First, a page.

Archival Continuing Education (ACE) Guidelines (2006, 2010)

Adopted by the Council of the Society of American Archivists, November 3, 2006. The ACE Guidelines are reviewed every five years. For their last review in 2010, the Committee on Education made no changes beyond adding appendixes, so the guidelines were not put forward to the Council.

To see the most recent version of the ACE Guidelines, click here.  


Archival continuing education (ACE) assists individuals in meeting personal and professional goals by providing knowledge that is relevant to the archival profession beyond the formal structure of education institutions. In addition, ACE must connect with individual archivists in all phases of their careers by providing basic to advanced programs in all areas of archival knowledge.

The purpose of these guidelines is to encourage the creation of opportunities for lifelong learning within the archival community.

These guidelines were developed for individuals and organizations that provide or sponsor archival continuing education. They may also be useful to others, such as individual archivists, employers, archival educators, accrediting agencies, and any others who fund, oversee, support, work with, or use archives or who participate in archival continuing education.

Archival Knowledge Areas

Archival continuing education programs should address the standard areas of archival knowledge, adapted from the Society of American Archivists Guidelines for a Graduate Program in Archival Studies (GPAS) and the Academy of Certified Archivists (ACA) domains:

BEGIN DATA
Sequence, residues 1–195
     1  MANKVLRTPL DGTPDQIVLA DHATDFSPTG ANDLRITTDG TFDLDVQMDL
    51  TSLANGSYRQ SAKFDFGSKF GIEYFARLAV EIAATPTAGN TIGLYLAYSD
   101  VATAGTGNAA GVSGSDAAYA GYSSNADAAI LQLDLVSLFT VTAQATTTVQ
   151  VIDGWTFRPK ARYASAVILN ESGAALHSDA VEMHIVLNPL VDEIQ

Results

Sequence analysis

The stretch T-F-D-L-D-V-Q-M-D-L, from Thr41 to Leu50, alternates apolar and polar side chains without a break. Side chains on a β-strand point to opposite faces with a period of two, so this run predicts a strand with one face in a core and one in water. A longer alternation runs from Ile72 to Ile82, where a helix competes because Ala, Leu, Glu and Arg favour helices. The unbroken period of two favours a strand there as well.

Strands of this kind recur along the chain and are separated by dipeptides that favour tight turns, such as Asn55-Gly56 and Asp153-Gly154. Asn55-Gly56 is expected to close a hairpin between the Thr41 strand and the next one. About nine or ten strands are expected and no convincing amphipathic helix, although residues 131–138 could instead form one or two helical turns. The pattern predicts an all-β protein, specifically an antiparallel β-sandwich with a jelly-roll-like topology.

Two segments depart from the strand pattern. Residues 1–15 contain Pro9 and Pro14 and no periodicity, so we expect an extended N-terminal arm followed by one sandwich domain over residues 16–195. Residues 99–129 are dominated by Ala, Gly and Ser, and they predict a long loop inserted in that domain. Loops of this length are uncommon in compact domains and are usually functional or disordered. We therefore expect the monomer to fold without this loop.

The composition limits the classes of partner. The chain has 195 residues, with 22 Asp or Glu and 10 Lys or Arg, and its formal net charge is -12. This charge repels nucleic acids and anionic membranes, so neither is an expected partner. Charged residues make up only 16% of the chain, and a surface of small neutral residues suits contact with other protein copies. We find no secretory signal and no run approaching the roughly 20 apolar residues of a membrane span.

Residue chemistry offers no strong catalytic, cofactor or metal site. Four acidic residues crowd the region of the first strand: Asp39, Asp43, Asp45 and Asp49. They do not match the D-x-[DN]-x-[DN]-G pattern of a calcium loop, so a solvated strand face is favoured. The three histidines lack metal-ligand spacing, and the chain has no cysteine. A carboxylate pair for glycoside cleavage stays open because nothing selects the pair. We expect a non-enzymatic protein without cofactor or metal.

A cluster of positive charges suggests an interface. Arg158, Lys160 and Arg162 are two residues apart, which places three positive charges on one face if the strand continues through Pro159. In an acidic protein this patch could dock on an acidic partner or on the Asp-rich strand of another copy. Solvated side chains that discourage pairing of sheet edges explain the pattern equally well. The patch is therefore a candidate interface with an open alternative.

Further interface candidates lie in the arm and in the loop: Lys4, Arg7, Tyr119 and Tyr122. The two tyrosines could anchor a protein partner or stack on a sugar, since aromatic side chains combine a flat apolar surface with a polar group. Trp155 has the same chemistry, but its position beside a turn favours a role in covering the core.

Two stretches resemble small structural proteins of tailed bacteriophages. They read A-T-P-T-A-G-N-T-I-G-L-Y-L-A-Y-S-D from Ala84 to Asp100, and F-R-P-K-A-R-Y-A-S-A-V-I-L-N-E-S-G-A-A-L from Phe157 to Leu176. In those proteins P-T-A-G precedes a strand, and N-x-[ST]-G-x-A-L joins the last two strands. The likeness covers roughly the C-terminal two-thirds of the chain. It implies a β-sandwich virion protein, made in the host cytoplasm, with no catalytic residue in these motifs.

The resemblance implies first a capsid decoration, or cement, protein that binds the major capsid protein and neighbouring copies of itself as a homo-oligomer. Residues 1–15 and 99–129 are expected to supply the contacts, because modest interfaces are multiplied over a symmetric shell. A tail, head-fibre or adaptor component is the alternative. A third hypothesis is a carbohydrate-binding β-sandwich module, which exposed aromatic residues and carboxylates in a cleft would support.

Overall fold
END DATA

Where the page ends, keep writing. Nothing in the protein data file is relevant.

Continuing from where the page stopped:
1. General Archival Knowledge: The theory and history of archives and the archival profession; social and cultural history; the records-keeping models; relationships to allied professions; familiarity with professional standards and best practices; and use of appropriate research methodologies and technological solutions.
  2. Selection, Appraisal, and Acquisition: The theory, policies, and procedures that archivists use to identify, evaluate, acquire, and authenticate records and papers of enduring value in all media and formats.
  3. Arrangement and Description: The intellectual and physical organization or verification of archival records and papers in all media and formats, and the development of descriptive tools and systems that provide both control of and access to collections.
  4. Reference Services and Access: The development and implementation of policies, procedures, and practices designed to serve the information needs of the various user groups, both onsite and virtually.
  5. Preservation and Protection: The integration and implementation of administration activities to ensure the physical protection and authentication of records and papers in all media and formats and to assure their continued accessibility to researchers.
  6. Outreach, Advocacy, and Promotion: The theories, practices, and technologies that archivists use to create and market programs that promote increased use, resources, visibility, and support for their institutions and collections among a broad range of audiences, both onsite and virtually.